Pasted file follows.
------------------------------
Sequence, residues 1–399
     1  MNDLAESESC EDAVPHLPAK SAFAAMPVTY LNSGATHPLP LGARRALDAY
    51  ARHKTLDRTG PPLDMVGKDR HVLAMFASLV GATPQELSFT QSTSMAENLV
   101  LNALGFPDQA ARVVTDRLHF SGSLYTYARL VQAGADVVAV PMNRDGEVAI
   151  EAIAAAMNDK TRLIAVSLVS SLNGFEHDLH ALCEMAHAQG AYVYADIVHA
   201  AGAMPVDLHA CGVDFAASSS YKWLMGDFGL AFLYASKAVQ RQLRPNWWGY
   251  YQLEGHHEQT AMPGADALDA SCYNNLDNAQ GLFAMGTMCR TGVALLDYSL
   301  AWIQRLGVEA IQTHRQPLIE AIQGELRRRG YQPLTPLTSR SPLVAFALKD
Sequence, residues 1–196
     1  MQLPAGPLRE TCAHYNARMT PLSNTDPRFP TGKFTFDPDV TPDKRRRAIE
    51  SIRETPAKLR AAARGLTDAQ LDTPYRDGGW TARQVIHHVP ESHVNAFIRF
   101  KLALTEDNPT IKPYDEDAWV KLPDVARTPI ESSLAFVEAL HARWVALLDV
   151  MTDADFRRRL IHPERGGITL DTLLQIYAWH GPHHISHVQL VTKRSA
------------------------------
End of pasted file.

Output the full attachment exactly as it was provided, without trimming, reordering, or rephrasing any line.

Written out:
Sequence, residues 1–399
     1  MNDLAESESC EDAVPHLPAK SAFAAMPVTY LNSGATHPLP LGARRALDAY
    51  ARHKTLDRTG PPLDMVGKDR HVLAMFASLV GATPQELSFT QSTSMAENLV
   101  LNALGFPDQA ARVVTDRLHF SGSLYTYARL VQAGADVVAV PMNRDGEVAI
   151  EAIAAAMNDK TRLIAVSLVS SLNGFEHDLH ALCEMAHAQG AYVYADIVHA
   201  AGAMPVDLHA CGVDFAASSS YKWLMGDFGL AFLYASKAVQ RQLRPNWWGY
   251  YQLEGHHEQT AMPGADALDA SCYNNLDNAQ GLFAMGTMCR TGVALLDYSL
   301  AWIQRLGVEA IQTHRQPLIE AIQGELRRRG YQPLTPLTSR SPLVAFALKD
Sequence, residues 1–196
     1  MQLPAGPLRE TCAHYNARMT PLSNTDPRFP TGKFTFDPDV TPDKRRRAIE
    51  SIRETPAKLR AAARGLTDAQ LDTPYRDGGW TARQVIHHVP ESHVNAFIRF
   101  KLALTEDNPT IKPYDEDAWV KLPDVARTPI ESSLAFVEAL HARWVALLDV
   151  MTDADFRRRL IHPERGGITL DTLLQIYAWH GPHHISHVQL VTKRSA